DVD
Ranma Movie 1 & 2 Box Set

Starring (voice - English): Sarah Strange, Myriam Sirois and Mike Donovan
MVM
RRP: 24.99
MVD6011
Certificate: 12
Available 08 January 2007


Based on the original and enormously successful comics by Rumiko Takahashi (creator of the
Urusei Yatsura series), Ranma Movie 1 & 2 Box Set concerns the comedic adventures of the eponymous hero and his friends...

Ah Christmas 2006 is coming; you can tell this by the plethora of box sets hitting the shelves - or in the case of my local HMV piled on the floor to create a death trap. So the two Ranma films have been re-released as a box set, which to honest if you want to get these DVD's is a much more economical way of adding them to your collection. Odd thing is that, as far as I know there were three films made, so why not include all three in this box set?

In Ranma : Big trouble in Nekonron, China we first meet Ranma who is a teenager adept in the martial arts, but due to an ancient Chinese curse he changes into a girl every time he gets wet. When a magic scroll is accidentally given to Ranma's friend Akane, she is kidnapped by Prince Kirin of the Seven Lucky Gods Martial Artists to be his bride. Now Ranma and assorted misfits must travel to China to rescue her.

Based on the successful manga comic by Rumiko Takahashi (creator of the popular Urusei Yatsura series), the book spawned two television series, the first Ranma ran for eighteen episodes but was quickly followed by Ranma Nettohen which ran for a further one hundred and forty-three episodes between 1989 and 1992. This film represents the first of three films which were produced as an offshoot of the program, so fans of the show will realise that the character design follows closely that found in the television series.

Okay, any story that starts with an octogenarian panty stealer being chased by a boy that keeps changing into a girl has got weird written all over it. It doesn't get any better when Ranma is joined on his mission by a very large elephant and his romance obsessed owner. The comedy elements start straight away and are of the broad type, though there are not as many jokes about Ranma's sexual confusion as you might think. The supporting characters are okay if a little one dimensional, but then the film is just one example of a much wider body of work.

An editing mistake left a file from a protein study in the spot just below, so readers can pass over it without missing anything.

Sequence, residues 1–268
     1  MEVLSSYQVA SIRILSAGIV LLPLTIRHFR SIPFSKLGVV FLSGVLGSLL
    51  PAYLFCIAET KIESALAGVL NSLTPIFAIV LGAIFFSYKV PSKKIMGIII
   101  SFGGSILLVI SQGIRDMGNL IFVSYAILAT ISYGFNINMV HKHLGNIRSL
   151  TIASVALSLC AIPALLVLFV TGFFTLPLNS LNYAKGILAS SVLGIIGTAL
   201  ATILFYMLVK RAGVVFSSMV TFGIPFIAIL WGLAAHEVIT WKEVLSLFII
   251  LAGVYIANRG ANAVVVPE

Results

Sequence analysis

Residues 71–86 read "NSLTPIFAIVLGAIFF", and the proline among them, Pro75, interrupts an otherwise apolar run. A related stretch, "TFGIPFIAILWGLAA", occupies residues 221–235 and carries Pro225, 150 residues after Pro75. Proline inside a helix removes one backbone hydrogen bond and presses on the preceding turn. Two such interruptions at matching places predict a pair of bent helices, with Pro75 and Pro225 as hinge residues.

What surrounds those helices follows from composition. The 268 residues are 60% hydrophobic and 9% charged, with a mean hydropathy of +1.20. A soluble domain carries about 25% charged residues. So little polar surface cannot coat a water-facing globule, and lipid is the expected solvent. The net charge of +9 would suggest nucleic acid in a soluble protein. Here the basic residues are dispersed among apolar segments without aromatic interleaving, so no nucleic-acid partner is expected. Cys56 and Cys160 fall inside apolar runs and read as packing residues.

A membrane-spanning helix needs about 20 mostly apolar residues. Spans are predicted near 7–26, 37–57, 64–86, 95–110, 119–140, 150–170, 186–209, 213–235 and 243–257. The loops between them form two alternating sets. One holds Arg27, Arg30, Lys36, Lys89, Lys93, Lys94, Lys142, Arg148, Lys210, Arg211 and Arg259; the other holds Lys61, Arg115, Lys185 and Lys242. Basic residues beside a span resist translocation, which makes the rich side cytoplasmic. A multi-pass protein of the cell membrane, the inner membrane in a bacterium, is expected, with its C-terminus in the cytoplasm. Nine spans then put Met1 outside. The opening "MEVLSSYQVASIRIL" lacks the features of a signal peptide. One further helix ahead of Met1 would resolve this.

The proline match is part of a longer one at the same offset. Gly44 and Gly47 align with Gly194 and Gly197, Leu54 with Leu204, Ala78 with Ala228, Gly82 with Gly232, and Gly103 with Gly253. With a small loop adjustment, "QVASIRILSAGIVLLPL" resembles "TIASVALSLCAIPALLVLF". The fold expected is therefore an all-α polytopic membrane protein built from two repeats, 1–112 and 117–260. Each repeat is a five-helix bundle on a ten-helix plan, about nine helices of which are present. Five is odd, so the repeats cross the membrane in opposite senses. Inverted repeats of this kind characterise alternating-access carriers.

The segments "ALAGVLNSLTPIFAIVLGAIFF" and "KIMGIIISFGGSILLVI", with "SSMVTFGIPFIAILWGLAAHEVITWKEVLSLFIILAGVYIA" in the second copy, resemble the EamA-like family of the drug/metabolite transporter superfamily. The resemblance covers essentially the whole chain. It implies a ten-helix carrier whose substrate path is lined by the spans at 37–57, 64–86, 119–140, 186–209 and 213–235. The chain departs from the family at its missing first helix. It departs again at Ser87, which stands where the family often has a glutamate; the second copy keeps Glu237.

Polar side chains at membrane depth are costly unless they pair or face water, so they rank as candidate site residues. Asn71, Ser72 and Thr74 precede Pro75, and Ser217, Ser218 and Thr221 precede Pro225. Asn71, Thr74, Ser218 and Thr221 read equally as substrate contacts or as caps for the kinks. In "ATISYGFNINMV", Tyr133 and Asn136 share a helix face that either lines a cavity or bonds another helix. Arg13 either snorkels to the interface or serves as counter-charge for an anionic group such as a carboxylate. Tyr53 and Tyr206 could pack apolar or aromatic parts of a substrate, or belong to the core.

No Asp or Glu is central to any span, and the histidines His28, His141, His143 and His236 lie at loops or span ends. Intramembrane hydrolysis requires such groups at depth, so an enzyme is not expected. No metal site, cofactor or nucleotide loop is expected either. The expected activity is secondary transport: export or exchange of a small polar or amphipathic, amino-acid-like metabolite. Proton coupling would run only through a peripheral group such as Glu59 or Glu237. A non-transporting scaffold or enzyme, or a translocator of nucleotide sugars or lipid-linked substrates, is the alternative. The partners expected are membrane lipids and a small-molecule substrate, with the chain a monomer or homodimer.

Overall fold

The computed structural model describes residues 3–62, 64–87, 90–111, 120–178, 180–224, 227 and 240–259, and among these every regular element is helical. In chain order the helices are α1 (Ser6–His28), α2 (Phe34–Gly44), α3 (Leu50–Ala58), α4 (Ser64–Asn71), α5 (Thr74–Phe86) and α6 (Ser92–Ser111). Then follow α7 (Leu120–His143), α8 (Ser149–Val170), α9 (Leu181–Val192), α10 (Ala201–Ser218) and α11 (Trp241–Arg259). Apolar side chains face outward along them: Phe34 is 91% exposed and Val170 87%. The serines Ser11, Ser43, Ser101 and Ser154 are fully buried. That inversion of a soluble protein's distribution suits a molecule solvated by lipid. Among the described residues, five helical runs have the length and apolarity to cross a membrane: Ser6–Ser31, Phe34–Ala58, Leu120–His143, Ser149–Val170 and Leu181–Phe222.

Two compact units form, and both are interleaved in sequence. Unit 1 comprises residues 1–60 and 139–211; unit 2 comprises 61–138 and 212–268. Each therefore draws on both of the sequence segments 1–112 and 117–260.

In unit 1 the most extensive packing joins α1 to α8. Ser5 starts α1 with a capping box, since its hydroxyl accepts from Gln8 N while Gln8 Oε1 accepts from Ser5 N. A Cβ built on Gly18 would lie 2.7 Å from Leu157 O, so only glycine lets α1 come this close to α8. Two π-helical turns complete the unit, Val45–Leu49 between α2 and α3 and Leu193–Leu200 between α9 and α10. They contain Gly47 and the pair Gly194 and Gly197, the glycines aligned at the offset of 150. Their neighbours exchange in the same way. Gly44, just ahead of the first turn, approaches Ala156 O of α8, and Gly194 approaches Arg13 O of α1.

The animation is a little dated, which is to be expected given the age of the film, but doesn't detract from the overall enjoyment of the movie. With little character development, it's difficult to care about the participants, though this may be different for those more familiar with the long running television series or manga comic. On the plus side both films are brash and bright using a varied pallet of colours to add nuance to scenes.

This box set looks to be pretty much a reissue of the stand alone discs, so if you have already bought these there is nothing here to warrant you shelling out your hard earned cash again. Audio tracks are English 2.0 and Japanese 2.0, with English subtitles, though the tacks are clear and clean. The extras include fifteen character profiles and four conceptual drawings and a trailer section.

Following close on its heels is the second shorter Ranma film, Nihao My Concubine, which was produced in 1994. Following a rather foolish choice to take a yacht out on its maiden voyage, the gang is stranded on a desert island. Things seem to be going well until Kusumi disappears. Soon a number of the other girls are also gone, each leaving behind only a peach (really, don't ask. Just go with it), each of which looks a little more like buttocks than you'd like. It seems that the girls have been kidnapped by a prince looking for his perfect bride. After an encounter with the prince, Ranma, in his female form, heads off to the rescue. But not all goes to plan.

The narrative is both peculiar and amusing. The final half of the film, showing the brides competing to be the next princess, includes combat flower arranging. Of course, Ranma has his own agenda; it seems that the prince possesses a gourd full of water that will let Ranma remain a male for good. But will he be able to bring him/herself to destroy the spring, from which the water originates, for the love of Akane, the object of his hearts desire. Far be it for me to say that you could have seen the ending coming a light year away.

On the down side the fight scenes are not only overly reminiscent of console games, but quickly become repetitive. The film itself is less than an hour long, so if you're buying it as a fan of the show then you're not going to be really bothered.

Audio options are the same as the first disc and the extras remain slight with only seventeen character profiles and fifteen pieces of conceptual artwork.

So if you have decided to explore the world of Ranma this box set makes for more sound financial sense than buying the stand alone discs. It's still lightweight, and not the best anime produced, but at this price it makes a lot more sense.

Charles Packer

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cover
£18.74 (Amazon.co.uk)
   
£14.99 (HMV.co.uk)
   
£15.89 (Sendit.com)
   
£16.47 (Thehut.com)

All prices correct at time of going to press.